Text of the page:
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Saying No to War

RIGHT after the Pulwama incident, Prime Minister of Pakistan immediately offered all kinds of assistance in investigation which was meted out with Indian air incursion. After India’s mishap in Balakot, releasing payloads to facilitate flimsy story of killing 350 terrorists by surgical strike, Pakistan had no other option but to retaliate resulting in air force crashes and border skirmishes. It was costly for India as it lost fighter planes and lives of pilot besides one pilot arrested alive. India, claiming itself biggest democracy, did not act as a mature state and had often been involved to achieve domestic political ends through means of combination of war and jingoism. The fact that both states possess nuclear stockpiles appears to be the concern of a few people in South Asia, unfortunately. Major portion of people on both sides was cheer-leading the war.
In the wake of Pulwama crisis and post-Pulwama episodes, the social media invaded with warmongering posts demanding, asking and encouraging the retaliation without knowing the corollaries of war in full potential which include potential of nuclear weapons. Besides, bulks of people in different segments of societies in both countries, especially youth, were found highly active in support of a war. Maybe, they are not well aware that escalation and de-escalation of crisis among hostile states also influenced by the behaviour of nations apart from the behaviour of deskbound leadership. Educational, social and intellectual gains so far of both countries could not lead to desirable results when it comes to measure the collective behaviour. This fact owes to another fact that states’ policies amidst societal developments and social construction are not effective enough to shape the anti-war behaviour of people. However, it may be effective when teaching the strategic calculations and war tactics.
Pulwama attack was immediately called out as an indigenous act. It was swiftly ascribed to the Kashmiri resistance, a strong and justified reaction of the freedom fighters to the roughshod and cruel campaign by the Indian military. It was the reaction to the series of inhuman measures undertaken by Indian state in form of maiming, gagging and strangling since the start of uprising in 1989 those who have reinvigorated the Kashmir resistance. Another generation has been grown up under the oppressed regime and attacker Adil Ahmed Dar belonged to the very same generation who witnessed the humiliation and harassment by Indian forces. So, for Kashmiris, war is more than a tool to salvation and they find it arduous to say it No.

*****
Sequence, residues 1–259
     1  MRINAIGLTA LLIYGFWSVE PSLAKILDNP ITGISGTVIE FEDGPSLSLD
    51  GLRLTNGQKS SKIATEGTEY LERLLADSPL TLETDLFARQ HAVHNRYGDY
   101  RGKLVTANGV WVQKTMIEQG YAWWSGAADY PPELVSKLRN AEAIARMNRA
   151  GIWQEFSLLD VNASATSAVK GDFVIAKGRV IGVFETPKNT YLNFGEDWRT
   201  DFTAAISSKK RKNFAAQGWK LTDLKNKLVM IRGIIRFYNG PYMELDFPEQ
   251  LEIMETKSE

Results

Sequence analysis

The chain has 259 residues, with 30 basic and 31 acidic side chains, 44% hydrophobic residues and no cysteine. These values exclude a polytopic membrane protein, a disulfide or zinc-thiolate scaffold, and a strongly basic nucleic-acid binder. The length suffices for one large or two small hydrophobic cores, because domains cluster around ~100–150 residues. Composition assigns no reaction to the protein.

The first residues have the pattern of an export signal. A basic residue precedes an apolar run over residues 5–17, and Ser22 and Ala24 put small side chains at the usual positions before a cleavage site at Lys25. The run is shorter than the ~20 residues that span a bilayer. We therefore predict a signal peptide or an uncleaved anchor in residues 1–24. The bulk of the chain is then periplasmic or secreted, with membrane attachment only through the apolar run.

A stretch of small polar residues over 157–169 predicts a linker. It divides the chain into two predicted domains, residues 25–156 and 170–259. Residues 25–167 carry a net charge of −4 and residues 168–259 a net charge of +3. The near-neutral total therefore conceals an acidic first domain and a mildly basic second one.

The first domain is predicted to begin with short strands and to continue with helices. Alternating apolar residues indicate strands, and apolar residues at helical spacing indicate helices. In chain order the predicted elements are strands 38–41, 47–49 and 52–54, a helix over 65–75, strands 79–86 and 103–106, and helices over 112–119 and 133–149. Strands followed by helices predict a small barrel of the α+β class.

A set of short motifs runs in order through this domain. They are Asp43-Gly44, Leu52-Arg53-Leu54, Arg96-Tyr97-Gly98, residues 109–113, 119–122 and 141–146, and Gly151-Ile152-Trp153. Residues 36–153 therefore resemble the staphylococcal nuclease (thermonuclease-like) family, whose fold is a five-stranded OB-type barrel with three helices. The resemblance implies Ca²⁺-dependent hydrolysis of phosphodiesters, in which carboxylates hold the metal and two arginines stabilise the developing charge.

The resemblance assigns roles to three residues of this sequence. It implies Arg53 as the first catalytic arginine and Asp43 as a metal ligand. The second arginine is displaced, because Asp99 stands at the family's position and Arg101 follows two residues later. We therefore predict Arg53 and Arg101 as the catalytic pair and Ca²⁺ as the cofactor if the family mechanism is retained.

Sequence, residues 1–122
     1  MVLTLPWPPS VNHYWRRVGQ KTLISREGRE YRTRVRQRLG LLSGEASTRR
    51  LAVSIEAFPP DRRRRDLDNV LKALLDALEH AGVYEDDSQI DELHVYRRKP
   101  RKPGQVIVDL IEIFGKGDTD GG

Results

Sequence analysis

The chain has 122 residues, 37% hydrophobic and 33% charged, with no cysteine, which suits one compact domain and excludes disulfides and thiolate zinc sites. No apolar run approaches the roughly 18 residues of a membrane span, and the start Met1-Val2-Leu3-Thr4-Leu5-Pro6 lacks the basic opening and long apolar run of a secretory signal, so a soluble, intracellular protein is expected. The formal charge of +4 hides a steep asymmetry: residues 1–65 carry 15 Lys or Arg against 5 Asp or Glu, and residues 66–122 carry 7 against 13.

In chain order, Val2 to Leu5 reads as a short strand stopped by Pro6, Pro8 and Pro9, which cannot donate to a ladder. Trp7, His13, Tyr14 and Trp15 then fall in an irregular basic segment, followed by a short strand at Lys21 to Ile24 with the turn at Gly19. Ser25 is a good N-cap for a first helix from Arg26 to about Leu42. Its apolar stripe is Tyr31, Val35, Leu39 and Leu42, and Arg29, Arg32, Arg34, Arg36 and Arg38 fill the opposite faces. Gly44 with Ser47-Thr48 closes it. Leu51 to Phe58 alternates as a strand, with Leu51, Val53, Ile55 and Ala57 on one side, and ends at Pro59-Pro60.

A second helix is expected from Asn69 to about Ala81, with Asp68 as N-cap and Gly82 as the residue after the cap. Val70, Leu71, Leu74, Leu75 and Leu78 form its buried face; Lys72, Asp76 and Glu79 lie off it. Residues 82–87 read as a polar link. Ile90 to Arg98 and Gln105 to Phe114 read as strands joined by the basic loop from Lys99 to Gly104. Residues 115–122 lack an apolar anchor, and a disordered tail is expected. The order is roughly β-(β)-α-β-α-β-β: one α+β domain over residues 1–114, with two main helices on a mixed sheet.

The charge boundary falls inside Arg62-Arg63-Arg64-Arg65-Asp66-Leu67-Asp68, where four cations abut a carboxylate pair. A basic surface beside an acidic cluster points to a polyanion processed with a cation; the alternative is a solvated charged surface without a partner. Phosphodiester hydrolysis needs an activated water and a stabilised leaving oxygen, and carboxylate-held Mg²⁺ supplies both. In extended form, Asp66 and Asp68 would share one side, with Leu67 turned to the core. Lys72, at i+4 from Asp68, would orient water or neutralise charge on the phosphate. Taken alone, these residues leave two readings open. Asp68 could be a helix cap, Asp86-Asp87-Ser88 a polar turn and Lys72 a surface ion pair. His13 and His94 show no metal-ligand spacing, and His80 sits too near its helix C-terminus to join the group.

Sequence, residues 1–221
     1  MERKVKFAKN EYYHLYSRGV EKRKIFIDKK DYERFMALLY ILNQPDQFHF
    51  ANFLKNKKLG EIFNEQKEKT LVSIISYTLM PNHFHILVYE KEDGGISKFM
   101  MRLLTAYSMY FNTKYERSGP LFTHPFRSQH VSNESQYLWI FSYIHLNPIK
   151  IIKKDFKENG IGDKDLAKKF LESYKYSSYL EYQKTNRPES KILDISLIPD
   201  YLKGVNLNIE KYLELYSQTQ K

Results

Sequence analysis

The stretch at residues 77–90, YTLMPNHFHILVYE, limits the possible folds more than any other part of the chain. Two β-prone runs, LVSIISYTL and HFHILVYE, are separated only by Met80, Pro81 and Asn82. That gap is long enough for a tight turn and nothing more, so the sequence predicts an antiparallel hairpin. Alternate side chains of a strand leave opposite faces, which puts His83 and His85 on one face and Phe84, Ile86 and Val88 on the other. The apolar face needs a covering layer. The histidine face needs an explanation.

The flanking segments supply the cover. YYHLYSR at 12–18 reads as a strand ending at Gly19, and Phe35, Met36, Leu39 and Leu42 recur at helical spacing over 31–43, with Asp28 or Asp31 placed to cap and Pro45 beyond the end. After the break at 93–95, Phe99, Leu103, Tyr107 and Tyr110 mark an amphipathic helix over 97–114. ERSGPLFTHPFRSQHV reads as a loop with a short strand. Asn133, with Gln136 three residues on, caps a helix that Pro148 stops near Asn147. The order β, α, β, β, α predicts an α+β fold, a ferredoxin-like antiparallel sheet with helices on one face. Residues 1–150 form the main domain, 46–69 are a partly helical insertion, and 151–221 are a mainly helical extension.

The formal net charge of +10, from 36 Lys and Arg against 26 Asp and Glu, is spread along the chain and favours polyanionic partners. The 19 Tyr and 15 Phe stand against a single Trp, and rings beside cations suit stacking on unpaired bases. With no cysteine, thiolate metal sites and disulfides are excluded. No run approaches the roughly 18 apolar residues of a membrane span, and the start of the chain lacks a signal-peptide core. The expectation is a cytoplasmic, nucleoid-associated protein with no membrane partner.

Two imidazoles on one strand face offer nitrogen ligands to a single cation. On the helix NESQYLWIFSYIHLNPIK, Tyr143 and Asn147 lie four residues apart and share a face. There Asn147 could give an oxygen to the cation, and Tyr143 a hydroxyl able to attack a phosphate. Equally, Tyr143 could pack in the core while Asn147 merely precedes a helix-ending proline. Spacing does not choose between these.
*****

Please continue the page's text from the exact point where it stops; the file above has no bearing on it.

Similarly, people in Pakistan and India from generations to generations have been witnessing hostility, animosity assorted with arms build-up and frequent missile tests. In such an environment, psychologically people’s minds and thoughts are infused with inquisitiveness about weapons’ operability, employment and deployment. Therefore, prospects of war provide people of both countries greater frisson to encourage their leadership to escalate tension to achieve the very objective of use of weapons. Apart from the responsibility of patriotism, people in both countries are more inclined to meet their psychological need of pleasure regardless of being on right or wrong side. Influenced by the social upbringing and familiarity with states’ intra rifts, people tend to pursue schadenfreude in war out of their animus for hostile states. Therefore, people in both countries also find hard to say No to war.
Undoubtedly, the people’s behaviour toward war is alarming, especially, when their governments have complete control of nuclear weapons. In long term, this can be proved drastic not only for entire region but also for the whole world. They have failed to realize that the burden of war almost completely shifted from armed forces to them being the object of military or military-political operations. After losing the millions of lives, people in Europe have learnt to say No to War. People in South Asia appear to be oblivious to the destructive episodes of 20th century. People should learn to say No to War. Not a single reason can be found to doubt that the primary and main victims of war will continue to be civilians. With the changing social and global dynamics, it has become clear that political settlement of wars will not be imposed unilaterally. The era of wars terminating in unconditional surrender does not seem to be return in foreseeable future. States should also figure out to change, influence and shape the behaviour of people from war, violence to anti-war, anti-violence and peace oriented.
— The writer is practising lawyer, based in Islamabad.